University staff given list of banned 'microinsults' they cannot say to trans people

·4 min read
Edinburgh University has drawn up phrases that staff cannot use, including saying "all women hate their periods" and "all people think about being the opposite gender sometimes". Scholars should also not place "excess focus on anatomical sex markers". - David Cheskin/PA Wire
Edinburgh University has drawn up phrases that staff cannot use, including saying "all women hate their periods" and "all people think about being the opposite gender sometimes". Scholars should also not place "excess focus on anatomical sex markers". - David Cheskin/PA Wire

University lecturers have been told not to say "I wanted to be a boy when I was a child" to transgender people, under a list of "microinsults" in new guidance.

Edinburgh University has drawn up phrases that staff cannot use, including saying "all women hate their periods" and "all people think about being the opposite gender sometimes". Scholars should also not place "excess focus on anatomical sex markers".

These are "microaggressions" that "negate or nullify the thoughts, feelings or lived reality of trans and non-binary people" and undermine their transition to different genders, according to the guidance.

It comes as several Russell Group universities are training scholars on "cisgender privilege", where people whose birth sex aligns with their current gender identity are said to enjoy structural advantages in British society.

In diversity training documents, Newcastle University tells staff: "Being cisgender comes with social privilege. That's even for people who are socially disadvantaged in other ways." Imperial College and LSE also remind lecturers to use their "cis" and "gender-straight privilege" to be trans allies.

But academics told The Telegraph that an obsession with gender identity on campus risks "morally blackmailing" students and relegating "less woke" inequalities.

Prof Matthew Goodwin, an expert on class inequality, said: "Britain’s universities, like universities across Western democracies, skew strongly to the left. Conservatives represent about 10 per cent of UK academia.

"This is creating a ‘mono-culture’ that is often only interested in specific aspects of equality-diversity while routinely downplaying or ignoring other aspects, such as the underrepresentation of white working-class children. It also leads academics to hide or ‘self-censor’ their views due to fears of being ostracised."

Other "microinsults" in Edinburgh’s guidance include saying "you’re either man or a woman", "you’re just dressing for effect" or uttering "you’re just trying to be special". Another is engaging in "avoidant behaviour" around trans people.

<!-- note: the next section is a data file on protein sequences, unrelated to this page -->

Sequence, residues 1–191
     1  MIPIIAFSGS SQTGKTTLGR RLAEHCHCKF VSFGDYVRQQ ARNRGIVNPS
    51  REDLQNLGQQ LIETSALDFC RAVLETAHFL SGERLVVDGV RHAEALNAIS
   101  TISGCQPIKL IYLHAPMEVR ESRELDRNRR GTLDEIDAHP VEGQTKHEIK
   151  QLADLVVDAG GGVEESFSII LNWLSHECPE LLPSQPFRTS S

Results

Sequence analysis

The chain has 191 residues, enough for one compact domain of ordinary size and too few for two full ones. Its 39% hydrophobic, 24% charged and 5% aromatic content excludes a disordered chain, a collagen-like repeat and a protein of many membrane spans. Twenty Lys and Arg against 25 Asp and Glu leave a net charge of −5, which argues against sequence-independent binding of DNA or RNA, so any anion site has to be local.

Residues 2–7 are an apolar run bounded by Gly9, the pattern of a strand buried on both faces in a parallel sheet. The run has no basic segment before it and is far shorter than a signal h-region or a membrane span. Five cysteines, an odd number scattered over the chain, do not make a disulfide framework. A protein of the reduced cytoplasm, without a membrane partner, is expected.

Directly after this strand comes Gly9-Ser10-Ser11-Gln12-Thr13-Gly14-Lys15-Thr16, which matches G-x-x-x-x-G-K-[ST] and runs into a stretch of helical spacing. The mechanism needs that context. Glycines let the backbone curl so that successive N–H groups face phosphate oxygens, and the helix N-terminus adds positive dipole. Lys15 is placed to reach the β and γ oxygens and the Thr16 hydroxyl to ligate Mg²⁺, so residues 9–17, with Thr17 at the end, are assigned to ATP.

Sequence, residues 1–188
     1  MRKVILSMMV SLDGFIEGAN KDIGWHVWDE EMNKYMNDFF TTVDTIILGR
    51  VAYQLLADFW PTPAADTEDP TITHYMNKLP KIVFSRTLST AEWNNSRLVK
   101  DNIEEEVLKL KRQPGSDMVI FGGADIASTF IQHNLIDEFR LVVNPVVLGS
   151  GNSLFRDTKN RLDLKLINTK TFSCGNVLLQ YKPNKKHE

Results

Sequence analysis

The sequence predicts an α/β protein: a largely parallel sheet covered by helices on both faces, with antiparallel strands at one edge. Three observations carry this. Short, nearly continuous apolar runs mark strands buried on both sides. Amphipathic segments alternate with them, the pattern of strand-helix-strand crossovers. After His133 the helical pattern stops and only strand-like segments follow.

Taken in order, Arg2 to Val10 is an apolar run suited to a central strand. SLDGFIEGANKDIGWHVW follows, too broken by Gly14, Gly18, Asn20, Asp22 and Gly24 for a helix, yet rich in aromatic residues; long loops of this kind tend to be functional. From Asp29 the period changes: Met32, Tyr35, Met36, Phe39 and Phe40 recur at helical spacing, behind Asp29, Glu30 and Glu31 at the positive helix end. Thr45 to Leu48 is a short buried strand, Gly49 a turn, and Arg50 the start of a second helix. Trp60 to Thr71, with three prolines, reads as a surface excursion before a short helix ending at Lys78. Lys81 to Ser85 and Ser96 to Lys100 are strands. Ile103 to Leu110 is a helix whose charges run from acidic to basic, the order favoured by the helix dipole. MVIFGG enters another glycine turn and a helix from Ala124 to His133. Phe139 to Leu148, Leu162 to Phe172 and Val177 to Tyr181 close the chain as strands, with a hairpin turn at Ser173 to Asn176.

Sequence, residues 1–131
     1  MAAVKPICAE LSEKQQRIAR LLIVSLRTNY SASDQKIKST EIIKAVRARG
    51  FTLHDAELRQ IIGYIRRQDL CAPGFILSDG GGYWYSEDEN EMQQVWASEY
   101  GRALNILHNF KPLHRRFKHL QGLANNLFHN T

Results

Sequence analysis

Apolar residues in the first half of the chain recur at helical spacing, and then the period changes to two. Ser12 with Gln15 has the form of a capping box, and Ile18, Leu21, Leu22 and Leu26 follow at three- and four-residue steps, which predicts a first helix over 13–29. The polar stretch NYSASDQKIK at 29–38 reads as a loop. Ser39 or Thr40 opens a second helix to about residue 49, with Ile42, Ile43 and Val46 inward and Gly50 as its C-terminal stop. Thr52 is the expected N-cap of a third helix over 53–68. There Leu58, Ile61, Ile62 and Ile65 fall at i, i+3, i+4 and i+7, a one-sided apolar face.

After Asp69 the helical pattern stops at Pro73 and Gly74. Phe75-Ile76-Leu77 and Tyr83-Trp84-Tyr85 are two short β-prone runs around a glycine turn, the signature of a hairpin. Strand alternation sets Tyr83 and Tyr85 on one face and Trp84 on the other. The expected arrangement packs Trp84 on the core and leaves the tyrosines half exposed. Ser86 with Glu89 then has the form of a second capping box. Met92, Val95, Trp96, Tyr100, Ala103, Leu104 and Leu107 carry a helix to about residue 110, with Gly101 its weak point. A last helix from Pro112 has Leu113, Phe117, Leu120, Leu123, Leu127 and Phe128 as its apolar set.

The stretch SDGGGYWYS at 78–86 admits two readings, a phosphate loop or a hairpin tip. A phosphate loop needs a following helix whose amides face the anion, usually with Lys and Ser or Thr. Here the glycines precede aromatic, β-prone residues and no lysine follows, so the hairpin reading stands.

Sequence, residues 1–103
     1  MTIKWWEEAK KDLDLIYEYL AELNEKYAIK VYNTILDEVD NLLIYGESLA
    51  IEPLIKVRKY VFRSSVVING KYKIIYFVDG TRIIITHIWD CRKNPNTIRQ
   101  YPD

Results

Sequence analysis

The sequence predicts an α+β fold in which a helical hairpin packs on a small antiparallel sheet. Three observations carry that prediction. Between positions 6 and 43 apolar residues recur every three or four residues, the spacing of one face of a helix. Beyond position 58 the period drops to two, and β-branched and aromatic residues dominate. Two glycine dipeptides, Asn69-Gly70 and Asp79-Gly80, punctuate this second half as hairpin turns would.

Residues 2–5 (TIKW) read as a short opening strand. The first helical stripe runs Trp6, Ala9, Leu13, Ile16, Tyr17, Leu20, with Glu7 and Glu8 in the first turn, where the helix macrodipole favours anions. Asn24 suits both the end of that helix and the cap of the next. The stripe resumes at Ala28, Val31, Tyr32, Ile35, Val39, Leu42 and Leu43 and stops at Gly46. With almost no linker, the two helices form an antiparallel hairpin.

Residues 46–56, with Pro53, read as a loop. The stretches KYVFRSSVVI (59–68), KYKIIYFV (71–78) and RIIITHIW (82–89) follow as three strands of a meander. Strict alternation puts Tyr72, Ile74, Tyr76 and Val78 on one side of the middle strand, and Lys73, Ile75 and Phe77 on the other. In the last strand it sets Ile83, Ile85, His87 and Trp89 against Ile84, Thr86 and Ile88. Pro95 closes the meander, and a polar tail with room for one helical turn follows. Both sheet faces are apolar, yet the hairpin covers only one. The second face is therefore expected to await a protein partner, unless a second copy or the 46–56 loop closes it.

If staff witness such remarks they should "disarm the microaggression, step in and stop or deflect" by stating the university’s standards of conduct, and "educate the offender" by teaching them to "recognise their biases", according to the guidance.

Lecturers are urged to wear rainbow lanyards around campus "as a visible sign that you are safe for trans and/or non-binary people" and put their pronouns in email signatures.   - Daniel Leal-Olivas/PA 
Lecturers are urged to wear rainbow lanyards around campus "as a visible sign that you are safe for trans and/or non-binary people" and put their pronouns in email signatures. - Daniel Leal-Olivas/PA

Lecturers are urged to wear rainbow lanyards around campus "as a visible sign that you are safe for trans and/or non-binary people" and put their pronouns in email signatures.

Meanwhile, trans guidance at universities such as Edinburgh, Warwick and Exeter refers to a "cisnormative society", where trans people are offended that gender binaries are assumed to be the norm.

Frank Furedi, emeritus professor of sociology at Kent, branded the guidance "indoctrination rather than education", adding: "If you’re able to convince people that the issue of gender neutrality is a foundational norm then you’ve eliminated the age-old historical distinction between a man and a woman, which underpins virtually every social aspect. In effect you create a free-for-all."

Feminists have voiced concern that many universities’ trans guidance, influenced by lobby groups, promotes the erosion of single-sex lavatories and changing rooms in favour of gender-neutral facilities, and fuels the no-platforming of academics who argue otherwise.

In a crackdown on 'cancel culture', ministers are planning a new law under which academics could sue if they are silenced. A Free Speech Champion will be appointed to the Office for Students, the regulator.

An Edinburgh University spokesman said its guidelines were "designed as a resource to support staff, inform discussion, and help promote a respectful, diverse and inclusive community". They added: "We will always seek to respond sensitively to any concerns staff or students might raise."

A Newcastle University spokesman said: "We want our campus to be a welcoming and safe place for everyone who studies, works or visits here, regardless of gender, race, class, age or disability."

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